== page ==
Haley State of the State offers one last campaign speech

Governor rushes through address with few ideas, fewer details

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The criticism I've heard so far today regarding last night's State of the State address is the lack of specificity and Gov. Nikki Haley's breakneck speed as she rattled off the easy wins she expects in the next year. Considering this was the most significant platform Haley will have until January 2012, the speech was grossly short on the progress she expects and the sacrifices that need to be made.

Rightly, Haley was already touting accomplishments, including $700,000 in savings over the next four years by moving the Department for Alcohol and Other Drug Abuse Services to a government building. It's a strong start and we'd like to see a long list of these savings over the next year.

Aside from that, the State of the State could be summed up as the last campaign speech. Haley talked a lot about the people she has recruited for various cabinet offices and she made a final checklist of the low-hanging fruit for the legislature to harvest this year. Considering we're just one week in, I'd rate that as sufficient. But it wasn't exceptional.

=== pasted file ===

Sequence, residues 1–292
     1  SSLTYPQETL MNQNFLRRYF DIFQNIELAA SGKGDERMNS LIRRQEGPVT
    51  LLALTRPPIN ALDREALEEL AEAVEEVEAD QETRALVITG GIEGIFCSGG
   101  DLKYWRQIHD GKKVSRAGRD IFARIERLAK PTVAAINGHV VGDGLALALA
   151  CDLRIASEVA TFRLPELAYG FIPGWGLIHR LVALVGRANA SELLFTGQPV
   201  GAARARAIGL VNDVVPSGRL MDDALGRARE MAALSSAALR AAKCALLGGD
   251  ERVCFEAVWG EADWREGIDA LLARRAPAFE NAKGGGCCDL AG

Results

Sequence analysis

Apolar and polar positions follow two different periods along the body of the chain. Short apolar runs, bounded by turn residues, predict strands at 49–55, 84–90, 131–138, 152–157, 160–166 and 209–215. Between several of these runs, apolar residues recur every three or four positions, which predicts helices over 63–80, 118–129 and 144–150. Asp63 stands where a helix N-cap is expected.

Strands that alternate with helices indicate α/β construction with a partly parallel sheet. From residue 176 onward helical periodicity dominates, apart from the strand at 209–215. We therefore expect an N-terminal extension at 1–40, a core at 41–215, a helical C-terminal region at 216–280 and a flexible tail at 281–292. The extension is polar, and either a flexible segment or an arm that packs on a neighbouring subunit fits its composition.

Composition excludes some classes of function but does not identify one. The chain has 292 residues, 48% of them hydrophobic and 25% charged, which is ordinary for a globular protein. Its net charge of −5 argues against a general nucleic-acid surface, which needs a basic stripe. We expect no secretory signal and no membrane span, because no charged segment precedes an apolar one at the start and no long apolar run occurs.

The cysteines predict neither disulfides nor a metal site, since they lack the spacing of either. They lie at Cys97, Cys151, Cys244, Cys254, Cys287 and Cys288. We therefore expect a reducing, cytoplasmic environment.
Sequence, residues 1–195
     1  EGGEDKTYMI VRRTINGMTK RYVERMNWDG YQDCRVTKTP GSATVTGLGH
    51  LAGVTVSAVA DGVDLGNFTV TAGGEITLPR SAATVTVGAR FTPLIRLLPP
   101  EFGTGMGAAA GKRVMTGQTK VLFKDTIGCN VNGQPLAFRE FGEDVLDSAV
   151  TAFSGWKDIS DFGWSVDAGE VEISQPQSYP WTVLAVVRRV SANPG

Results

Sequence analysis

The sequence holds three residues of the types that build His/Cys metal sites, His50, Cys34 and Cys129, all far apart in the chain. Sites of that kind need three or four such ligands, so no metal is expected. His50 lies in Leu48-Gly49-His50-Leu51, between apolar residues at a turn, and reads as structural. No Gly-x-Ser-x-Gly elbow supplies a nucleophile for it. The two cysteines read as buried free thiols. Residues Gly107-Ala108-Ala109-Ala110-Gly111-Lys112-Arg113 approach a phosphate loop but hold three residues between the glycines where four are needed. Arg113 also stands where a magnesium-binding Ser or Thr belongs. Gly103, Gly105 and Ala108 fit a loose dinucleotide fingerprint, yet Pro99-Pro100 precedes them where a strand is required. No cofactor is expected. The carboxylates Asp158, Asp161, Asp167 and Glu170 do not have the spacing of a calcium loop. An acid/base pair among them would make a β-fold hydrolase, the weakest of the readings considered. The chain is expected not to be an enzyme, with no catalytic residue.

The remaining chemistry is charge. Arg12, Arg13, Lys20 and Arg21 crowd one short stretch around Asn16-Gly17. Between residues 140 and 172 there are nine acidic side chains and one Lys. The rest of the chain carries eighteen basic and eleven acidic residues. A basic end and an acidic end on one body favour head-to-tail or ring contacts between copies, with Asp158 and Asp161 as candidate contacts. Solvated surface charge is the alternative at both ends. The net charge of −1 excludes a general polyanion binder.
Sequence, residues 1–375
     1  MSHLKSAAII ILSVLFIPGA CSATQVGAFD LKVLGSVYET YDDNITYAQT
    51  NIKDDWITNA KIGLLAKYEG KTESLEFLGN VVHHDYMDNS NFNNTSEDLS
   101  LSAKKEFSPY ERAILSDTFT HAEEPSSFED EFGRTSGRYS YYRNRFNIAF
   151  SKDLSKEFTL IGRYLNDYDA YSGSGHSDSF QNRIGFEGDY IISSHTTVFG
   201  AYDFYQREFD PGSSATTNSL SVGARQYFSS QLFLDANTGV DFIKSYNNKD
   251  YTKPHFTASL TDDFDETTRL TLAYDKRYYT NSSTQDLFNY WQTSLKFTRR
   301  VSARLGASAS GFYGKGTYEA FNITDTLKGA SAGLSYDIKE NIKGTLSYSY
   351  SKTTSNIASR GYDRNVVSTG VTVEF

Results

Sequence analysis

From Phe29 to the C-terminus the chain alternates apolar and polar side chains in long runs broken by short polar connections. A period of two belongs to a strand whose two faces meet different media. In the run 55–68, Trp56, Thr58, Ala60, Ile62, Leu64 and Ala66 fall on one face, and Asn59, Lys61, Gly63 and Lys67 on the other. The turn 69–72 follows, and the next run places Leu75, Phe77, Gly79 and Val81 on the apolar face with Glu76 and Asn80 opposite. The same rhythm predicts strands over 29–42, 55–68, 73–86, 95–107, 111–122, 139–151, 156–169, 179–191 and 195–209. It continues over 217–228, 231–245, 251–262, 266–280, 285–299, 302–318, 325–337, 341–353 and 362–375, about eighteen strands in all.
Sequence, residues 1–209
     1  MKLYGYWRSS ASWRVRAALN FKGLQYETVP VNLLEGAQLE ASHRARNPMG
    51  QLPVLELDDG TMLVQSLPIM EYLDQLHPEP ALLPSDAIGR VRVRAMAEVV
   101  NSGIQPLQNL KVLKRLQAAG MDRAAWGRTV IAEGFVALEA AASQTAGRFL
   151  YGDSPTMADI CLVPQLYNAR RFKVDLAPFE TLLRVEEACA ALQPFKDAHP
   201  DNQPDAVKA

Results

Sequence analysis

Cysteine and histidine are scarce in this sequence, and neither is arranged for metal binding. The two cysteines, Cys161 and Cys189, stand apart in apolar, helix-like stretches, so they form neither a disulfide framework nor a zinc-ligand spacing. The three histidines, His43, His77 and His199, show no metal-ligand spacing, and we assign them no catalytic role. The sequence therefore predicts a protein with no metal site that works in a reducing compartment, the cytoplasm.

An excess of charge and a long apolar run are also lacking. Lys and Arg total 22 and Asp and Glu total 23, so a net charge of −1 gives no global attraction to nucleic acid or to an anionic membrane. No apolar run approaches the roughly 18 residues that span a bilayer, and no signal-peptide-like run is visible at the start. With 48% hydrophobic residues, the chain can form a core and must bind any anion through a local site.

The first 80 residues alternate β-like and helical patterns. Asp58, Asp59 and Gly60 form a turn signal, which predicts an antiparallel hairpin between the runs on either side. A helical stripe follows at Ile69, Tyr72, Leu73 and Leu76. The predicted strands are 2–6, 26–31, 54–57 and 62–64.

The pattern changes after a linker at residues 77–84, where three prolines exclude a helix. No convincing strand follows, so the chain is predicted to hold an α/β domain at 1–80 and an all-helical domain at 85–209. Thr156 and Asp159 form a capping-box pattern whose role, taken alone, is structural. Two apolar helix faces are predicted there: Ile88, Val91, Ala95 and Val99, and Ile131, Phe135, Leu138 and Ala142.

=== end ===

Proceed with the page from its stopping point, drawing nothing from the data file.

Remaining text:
Haley warned she didn't hold a monopoly on good ideas. Kudos. But South Carolinians needed more than good ideas last night. Ideas are for the campaign trail. We're not voters anymore, we're taxpayers. And we demand details. The governor wasn't pressed for time. This wasn't the Golden Globes — there wasn't an orchestra chasing Haley away from the podium. But what we got were sound bites. Cut arts spending, public school buses, and healthcare. These aren't the tough decisions in this economy; they are well-worn Tea Party talking points.

Again, if this was Haley's last chance to pat herself on the back for a campaign win, mission accomplished. But it has me concerned about whether we'll get anything from the governor beyond her "ideas."

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